Poverty and education. Students are not to blame: Understanding the structural causes of family poverty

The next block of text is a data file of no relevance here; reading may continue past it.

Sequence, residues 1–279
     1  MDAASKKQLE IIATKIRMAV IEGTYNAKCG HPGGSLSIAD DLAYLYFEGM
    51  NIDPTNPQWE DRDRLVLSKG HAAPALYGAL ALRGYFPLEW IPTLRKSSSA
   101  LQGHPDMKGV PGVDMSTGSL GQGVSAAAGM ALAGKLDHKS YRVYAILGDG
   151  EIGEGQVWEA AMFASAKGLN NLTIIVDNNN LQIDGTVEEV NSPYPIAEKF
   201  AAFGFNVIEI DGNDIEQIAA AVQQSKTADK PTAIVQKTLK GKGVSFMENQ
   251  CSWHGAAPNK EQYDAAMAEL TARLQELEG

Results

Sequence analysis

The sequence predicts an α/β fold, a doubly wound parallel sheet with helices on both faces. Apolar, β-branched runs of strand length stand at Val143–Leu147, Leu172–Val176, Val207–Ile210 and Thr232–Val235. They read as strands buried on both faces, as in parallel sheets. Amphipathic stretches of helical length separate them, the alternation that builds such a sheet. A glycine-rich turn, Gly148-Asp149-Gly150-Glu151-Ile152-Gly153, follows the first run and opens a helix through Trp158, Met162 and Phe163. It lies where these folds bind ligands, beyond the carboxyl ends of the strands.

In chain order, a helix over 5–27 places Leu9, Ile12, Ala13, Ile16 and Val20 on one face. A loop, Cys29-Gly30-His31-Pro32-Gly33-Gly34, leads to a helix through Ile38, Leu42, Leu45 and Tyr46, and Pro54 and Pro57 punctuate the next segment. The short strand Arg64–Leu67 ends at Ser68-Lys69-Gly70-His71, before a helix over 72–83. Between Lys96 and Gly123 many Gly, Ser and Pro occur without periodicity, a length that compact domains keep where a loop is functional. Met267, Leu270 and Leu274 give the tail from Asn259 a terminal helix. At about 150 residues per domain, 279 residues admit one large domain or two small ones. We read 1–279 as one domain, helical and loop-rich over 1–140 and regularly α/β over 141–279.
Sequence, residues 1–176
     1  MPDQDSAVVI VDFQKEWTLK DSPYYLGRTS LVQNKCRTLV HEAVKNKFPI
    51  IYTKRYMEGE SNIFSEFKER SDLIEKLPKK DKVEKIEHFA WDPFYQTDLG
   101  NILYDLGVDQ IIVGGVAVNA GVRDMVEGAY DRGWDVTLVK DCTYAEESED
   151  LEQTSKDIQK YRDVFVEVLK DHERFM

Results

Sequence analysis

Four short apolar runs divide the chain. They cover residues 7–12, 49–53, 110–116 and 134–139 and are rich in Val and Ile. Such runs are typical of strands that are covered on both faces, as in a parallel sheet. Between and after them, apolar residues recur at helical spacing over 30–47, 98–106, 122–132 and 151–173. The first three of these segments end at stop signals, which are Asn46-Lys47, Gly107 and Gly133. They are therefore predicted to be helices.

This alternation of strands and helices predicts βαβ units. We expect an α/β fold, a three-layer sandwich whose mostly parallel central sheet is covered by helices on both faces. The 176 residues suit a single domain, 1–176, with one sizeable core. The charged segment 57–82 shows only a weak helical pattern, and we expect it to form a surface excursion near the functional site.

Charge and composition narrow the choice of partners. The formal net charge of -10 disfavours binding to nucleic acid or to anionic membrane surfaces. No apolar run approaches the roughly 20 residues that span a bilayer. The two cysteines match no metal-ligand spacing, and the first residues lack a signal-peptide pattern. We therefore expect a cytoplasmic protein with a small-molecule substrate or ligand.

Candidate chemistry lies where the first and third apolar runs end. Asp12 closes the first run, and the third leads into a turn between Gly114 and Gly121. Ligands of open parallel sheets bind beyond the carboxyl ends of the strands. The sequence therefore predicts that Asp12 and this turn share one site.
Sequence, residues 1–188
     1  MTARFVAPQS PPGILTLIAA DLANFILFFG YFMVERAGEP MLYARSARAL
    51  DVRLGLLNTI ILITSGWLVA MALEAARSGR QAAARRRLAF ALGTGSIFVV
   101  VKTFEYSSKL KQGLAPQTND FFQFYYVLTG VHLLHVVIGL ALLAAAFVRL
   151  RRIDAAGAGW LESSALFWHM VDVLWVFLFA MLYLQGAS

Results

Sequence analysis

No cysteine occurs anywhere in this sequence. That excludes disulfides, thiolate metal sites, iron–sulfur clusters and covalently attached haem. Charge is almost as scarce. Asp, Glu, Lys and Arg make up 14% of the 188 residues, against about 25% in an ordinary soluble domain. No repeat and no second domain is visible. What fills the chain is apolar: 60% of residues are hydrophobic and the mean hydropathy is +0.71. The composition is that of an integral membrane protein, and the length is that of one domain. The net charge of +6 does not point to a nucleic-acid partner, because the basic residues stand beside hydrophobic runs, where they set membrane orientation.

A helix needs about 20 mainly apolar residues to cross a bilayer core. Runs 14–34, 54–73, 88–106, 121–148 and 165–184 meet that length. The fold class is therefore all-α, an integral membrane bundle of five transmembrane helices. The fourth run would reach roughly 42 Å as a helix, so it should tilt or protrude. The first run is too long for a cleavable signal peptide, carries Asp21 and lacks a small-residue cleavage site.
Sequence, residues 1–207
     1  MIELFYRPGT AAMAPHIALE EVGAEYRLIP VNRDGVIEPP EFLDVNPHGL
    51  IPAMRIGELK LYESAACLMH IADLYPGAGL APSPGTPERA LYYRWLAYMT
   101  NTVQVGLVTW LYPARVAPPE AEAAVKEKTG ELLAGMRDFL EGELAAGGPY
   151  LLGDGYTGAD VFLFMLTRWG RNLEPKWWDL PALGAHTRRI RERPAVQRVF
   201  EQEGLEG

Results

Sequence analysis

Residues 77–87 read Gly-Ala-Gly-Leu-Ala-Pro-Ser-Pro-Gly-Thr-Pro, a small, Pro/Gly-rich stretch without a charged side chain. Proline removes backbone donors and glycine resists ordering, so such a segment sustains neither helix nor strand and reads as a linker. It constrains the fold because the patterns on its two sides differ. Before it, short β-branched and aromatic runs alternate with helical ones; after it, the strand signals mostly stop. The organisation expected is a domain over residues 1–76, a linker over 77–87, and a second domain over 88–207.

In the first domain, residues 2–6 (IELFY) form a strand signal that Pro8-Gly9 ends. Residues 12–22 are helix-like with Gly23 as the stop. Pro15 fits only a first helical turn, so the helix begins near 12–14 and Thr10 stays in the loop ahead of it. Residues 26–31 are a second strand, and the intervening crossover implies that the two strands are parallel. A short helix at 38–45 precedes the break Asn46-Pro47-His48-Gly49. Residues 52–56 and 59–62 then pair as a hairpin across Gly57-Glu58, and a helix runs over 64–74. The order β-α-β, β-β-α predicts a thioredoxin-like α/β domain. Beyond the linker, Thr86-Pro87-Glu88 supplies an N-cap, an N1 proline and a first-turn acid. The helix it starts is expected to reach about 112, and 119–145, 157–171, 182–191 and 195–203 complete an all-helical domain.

Part 1 of this paper discusses why it is important for educators to challenge assumptions and beliefs about the structural causes of poverty. How we think, feel, and communicate about poverty makes a difference in how students feel about themselves and their school community. This section also draws on educational research to explore conceptual issues around the framing of poverty and children. Part 2 of this paper draws on current policy and statistical reports to examine how economic, political, and social changes over the past decade have contributed to child and family poverty. Improving our understanding of the structural determinants of poverty can help to raise awareness of the external factors that undermine the efforts of many families to achieve economic security. The response of the British Columbia government to the issue of child and family poverty is compared to that of other Canadian provinces. This section concludes by describing poverty reduction strategies proposed by social policy advocates. Implications for the public education system are discussed throughout the paper.

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